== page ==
Within accumulator means 57, when fluid pressure ceases, spring 71 expands forcing diaphragm support 69 to return diaphragm 67 to its shutdown position. Fluid is thereby forced from fluid receptacle 65 by the movement of diaphragm 67 and enters the second fluid system as previously described.
Continuing to refer to the embodiment in FIG. 1 and the cessation of fluid pressure, the expansion of spring 123 in second valve chamber 103 causes second valve stem 111 to move axially within chamber 103. This movement unseats valve 113 and in turn seats valve 117 onto valve seat 119, thereby closing the isolation subpath 18 from the second valve chamber and opening the second flow path to fluid flow from the second to the first fluid system.
Second system overflow fluid, if any, returns to the device via a gravity flow as indicated generally by arrow 400, and enters device 10 via second entry port 85. The overflow fluid is filtered by filter 88, passes through second intermediate flow path 89 to second valve chamber 103, and subsequently exits the device via second exit port 86 as generally indicated by arrow 500. This overflow fluid is returned to the first fluid system. In the case of an aircraft gas turbine engine, the fluid, i.e., the oil, could be returned to the accessory gearbox, which is serviced by the main engine oil system.
The size of device 10 will depend upon the servicing needs of the second fluid system as well as constraints imposed by its intended installation location. For example, the auxiliary oil system of a gas turbine engine has a fluid capacity of approximately 330 cubic inches (about 5.4 liters). Replacement of auxiliary system oil at a rate as little as one percent of capacity for each engine start-up and shutdown will substantially prevent the occurrence of the previously mentioned problems. Thus, the fluid receptacle could be constructed to hold as little as 3.3 cubic inches (about 54 cm3), and the rest of the device can be sized accordingly.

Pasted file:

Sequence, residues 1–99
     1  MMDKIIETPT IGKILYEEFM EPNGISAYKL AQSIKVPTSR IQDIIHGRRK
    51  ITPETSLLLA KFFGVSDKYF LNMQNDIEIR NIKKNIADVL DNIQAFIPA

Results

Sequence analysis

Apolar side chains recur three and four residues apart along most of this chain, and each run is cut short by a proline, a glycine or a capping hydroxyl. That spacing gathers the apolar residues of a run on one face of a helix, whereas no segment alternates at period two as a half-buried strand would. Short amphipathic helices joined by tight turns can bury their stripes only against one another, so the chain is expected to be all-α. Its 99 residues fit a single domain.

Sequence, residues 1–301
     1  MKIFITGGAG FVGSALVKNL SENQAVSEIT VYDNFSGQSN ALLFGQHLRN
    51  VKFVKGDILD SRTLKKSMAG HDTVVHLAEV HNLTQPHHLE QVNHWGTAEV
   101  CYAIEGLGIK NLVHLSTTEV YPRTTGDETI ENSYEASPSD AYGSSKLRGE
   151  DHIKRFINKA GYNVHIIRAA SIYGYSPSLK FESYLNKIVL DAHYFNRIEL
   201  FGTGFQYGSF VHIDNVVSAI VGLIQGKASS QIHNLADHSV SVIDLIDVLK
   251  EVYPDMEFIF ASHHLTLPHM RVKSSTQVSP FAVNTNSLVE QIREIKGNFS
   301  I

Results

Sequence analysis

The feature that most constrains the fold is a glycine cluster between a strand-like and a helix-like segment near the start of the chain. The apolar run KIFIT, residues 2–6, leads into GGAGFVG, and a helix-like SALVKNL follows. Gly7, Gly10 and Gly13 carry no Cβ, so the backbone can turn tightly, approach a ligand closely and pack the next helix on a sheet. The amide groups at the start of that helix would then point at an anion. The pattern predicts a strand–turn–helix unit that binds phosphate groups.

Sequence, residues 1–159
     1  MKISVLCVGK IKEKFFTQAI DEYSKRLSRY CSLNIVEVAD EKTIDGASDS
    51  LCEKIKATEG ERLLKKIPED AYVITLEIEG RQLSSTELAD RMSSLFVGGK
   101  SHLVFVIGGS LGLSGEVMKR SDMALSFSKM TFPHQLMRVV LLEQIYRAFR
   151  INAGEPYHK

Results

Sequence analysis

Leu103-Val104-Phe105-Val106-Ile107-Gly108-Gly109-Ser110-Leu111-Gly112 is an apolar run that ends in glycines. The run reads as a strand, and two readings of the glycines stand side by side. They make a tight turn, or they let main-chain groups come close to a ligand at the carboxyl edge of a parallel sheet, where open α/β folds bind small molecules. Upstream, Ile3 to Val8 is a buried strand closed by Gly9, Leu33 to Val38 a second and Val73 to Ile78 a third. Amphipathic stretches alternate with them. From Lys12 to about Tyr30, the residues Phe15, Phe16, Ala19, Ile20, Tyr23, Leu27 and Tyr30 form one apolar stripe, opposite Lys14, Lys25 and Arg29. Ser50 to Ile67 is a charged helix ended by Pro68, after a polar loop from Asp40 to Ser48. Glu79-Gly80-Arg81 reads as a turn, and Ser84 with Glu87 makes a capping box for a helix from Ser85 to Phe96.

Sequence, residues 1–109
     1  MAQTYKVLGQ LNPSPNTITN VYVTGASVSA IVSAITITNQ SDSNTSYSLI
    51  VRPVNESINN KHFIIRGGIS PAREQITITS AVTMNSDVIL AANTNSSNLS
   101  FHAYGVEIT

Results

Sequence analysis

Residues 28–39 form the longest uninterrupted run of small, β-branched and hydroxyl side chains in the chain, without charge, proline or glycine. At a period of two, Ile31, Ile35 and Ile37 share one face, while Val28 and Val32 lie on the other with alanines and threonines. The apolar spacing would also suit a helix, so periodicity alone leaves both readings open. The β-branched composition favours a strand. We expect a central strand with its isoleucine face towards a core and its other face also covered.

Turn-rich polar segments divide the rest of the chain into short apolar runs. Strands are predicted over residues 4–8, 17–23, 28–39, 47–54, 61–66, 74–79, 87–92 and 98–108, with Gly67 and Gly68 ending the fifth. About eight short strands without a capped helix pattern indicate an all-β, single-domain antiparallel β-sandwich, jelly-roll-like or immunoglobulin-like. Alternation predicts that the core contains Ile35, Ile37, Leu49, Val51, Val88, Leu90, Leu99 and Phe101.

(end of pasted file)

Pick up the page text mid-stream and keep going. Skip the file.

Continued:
For systems that operate for long periods of time between shutdowns, such as a turbine used for generating electricity, a shut-off valve 129 actuated by a timer 131 according to a predetermined schedule may be placed in the first flow path upstream of the isolation subpath as shown schematically in FIG. 3. The shut-off valve would operate to close first flow path 17, thereby causing a cessation in oil pressure and initiation of the oil replacement as previously described. Because the second fluid system would still be pressurized, however, means known in the art for creating a greater fluid pressure in the present invention than that existing in the second system would need to be supplied in order to effect the fluid transfer. That is, in this case, diaphragm spring 71 may need to be replaced with other actuation devices known in the art. In addition, to avoid overfills of the second fluid system and possible malfunctions thereof, sensing means known in the art for determining the fluid level of the second system would need to be provided so that the automatic fluid transfer would not occur if the second fluid system contained a predetermined amount of fluid. Such a shut-off valve could also find application in the present invention to accommodate start-up and shut-down pressure transients when fluid pressures do not exceed the actuation thresholds for the valves.